When processing free fall, we teach students that if there is no air resistance, such as in a vacuum, bodies of different masses fall at the same speed, which is different from what they experience in the world around them. As the challenge in the classroom is to achieve a vacuum, as an introduction to the activity we demonstrated to the students the free fall of two bodies of the same shape and different masses from a relatively small height. For example, two bottles of the same shape, one full and the other empty from a height of up to two meters, where they, to the surprise of the students, fall at the same time.
We then set the students the task of dropping a paper muffin basket from a height of 30 cm, 60 cm, 90 cm, 120 cm, 150 cm and 180 cm and measuring the time it takes for the basket to fall to the ground. The free fall of the basket was to be recorded with the VidAnalysis mobile application, and using the same, the results obtained should be recorded in a table and an s-t graph and v-t graph drawn. From the graphs, they had to deduce what kind of movement it was. What they expected was that they would get a uniformly accelerated motion, but the results were surprising for them.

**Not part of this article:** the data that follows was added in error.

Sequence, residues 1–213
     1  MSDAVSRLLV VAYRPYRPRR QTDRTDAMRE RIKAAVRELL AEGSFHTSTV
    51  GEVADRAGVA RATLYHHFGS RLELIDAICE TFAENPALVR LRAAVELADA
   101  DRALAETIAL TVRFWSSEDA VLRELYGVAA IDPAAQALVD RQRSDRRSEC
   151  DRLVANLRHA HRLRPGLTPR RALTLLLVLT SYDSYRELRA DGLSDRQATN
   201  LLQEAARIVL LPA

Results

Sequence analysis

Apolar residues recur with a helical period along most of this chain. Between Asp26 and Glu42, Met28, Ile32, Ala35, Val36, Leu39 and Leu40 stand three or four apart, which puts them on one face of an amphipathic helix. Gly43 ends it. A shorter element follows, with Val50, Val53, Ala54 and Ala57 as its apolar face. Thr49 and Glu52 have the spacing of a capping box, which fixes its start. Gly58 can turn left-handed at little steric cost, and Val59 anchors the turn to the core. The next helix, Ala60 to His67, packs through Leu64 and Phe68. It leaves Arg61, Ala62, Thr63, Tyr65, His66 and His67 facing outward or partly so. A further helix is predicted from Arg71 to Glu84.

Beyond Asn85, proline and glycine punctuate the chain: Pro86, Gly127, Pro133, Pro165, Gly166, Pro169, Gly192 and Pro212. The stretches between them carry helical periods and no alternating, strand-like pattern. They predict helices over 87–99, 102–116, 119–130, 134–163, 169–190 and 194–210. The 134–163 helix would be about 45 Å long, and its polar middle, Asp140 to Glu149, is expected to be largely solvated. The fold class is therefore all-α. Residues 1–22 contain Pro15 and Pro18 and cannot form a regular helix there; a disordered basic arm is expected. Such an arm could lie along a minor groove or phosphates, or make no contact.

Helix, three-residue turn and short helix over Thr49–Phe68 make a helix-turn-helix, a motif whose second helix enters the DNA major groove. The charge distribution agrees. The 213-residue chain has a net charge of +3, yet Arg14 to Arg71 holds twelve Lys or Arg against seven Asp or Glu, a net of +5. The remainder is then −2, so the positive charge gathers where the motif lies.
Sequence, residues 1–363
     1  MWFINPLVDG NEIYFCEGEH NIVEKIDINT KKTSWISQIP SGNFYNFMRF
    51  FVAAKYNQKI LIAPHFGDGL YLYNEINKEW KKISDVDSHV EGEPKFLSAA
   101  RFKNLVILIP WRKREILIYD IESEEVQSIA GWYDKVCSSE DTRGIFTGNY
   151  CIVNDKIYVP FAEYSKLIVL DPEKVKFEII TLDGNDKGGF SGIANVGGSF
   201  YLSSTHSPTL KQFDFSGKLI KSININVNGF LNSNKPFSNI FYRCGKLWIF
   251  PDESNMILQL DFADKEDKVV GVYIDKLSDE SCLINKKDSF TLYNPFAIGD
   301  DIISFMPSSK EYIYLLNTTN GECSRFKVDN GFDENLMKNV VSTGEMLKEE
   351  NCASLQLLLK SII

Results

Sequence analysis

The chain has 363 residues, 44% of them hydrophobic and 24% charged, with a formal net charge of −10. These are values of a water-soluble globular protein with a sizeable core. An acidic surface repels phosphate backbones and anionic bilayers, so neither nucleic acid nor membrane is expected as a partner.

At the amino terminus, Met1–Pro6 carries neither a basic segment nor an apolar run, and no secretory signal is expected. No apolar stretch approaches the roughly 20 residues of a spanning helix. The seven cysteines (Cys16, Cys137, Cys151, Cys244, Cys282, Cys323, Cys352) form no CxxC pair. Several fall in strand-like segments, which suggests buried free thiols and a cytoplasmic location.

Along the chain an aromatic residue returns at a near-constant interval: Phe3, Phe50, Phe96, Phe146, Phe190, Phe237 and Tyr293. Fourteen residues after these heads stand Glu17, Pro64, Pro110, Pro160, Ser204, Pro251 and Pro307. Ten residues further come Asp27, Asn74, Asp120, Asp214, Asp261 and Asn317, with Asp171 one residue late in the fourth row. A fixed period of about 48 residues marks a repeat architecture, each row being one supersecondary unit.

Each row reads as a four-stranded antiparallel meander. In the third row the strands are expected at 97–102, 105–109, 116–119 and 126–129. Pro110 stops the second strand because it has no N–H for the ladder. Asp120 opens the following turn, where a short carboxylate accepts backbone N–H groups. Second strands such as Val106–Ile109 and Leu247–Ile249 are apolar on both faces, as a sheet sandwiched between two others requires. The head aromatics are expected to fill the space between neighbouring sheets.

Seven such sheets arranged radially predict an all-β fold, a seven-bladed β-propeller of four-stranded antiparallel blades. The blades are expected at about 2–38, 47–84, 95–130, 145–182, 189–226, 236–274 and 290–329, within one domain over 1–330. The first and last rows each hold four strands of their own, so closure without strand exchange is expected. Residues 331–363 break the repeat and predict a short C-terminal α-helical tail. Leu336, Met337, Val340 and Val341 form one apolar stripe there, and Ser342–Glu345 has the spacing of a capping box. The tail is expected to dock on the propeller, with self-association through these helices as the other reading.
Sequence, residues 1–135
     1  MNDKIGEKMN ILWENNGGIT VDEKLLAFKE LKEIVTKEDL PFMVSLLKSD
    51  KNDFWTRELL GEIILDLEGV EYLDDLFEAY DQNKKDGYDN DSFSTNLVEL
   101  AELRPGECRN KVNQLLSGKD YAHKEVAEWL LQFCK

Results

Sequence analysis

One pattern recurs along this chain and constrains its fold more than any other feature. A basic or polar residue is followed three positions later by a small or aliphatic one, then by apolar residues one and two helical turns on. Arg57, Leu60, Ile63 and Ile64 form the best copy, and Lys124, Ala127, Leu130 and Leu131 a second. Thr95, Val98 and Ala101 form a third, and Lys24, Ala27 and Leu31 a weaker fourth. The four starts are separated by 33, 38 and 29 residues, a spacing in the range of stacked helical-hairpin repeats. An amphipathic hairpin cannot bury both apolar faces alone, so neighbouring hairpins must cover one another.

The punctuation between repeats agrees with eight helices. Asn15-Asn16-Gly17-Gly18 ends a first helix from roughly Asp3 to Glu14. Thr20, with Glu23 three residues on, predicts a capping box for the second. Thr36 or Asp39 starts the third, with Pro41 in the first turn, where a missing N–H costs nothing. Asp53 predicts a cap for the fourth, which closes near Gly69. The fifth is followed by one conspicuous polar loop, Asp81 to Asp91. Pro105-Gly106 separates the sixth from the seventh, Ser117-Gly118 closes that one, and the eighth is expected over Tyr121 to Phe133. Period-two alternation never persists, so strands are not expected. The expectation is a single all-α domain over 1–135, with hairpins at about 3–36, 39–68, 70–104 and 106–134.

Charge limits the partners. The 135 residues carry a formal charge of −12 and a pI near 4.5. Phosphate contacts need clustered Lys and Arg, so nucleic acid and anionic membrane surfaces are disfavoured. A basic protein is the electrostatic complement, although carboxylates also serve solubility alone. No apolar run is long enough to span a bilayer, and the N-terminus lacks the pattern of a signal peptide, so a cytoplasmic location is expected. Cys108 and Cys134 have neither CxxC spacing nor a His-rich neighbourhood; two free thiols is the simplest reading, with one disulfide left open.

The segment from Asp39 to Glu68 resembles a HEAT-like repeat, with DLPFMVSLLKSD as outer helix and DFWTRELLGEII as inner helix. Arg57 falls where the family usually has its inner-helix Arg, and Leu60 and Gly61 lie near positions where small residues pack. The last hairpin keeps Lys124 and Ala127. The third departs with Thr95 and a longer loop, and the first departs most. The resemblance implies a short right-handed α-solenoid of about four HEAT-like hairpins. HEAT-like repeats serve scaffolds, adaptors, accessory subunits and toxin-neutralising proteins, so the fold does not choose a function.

Students notice that the parabola in the s-t graph (Figure 1 – View the analysis of the motion of one basket from the VidAnalysis application s-t graph) shifts in the direction and that the velocity becomes constant at the same time (Figure 2 – View the analysis of the motion of one basket from the VidAnalysis application v-t graph). There is a discussion about why such results were obtained and the notion of critical speed is introduced
In the second part of the activity, we set a task for the students to drop a different number of muffin baskets from the same heights and to measure the time it takes for the baskets to fall to the ground. What is obvious is that two baskets fall faster than one. This is in contradiction with the attempt to throw a full and empty bottle from the same height made on the previous hour where the bottles fell at the same time. We ask the students if the baskets can fall at the same time and/or what would happen to the bottles if we threw them from a higher height. In this way, we tell them that the height from which the body is dropped also affects the achievement of the critical speed. Analyzing the fall of two baskets using the s-t graph (Figure 3 – View the analysis of the motion of two baskets from the VidAnalysis application s-t graph) and the v-t graph (Figure 4 – View the analysis of the motion of two baskets from the VidAnalysis application v-t graph), students notice that two baskets take longer to reach a critical speed than one (Figure 2).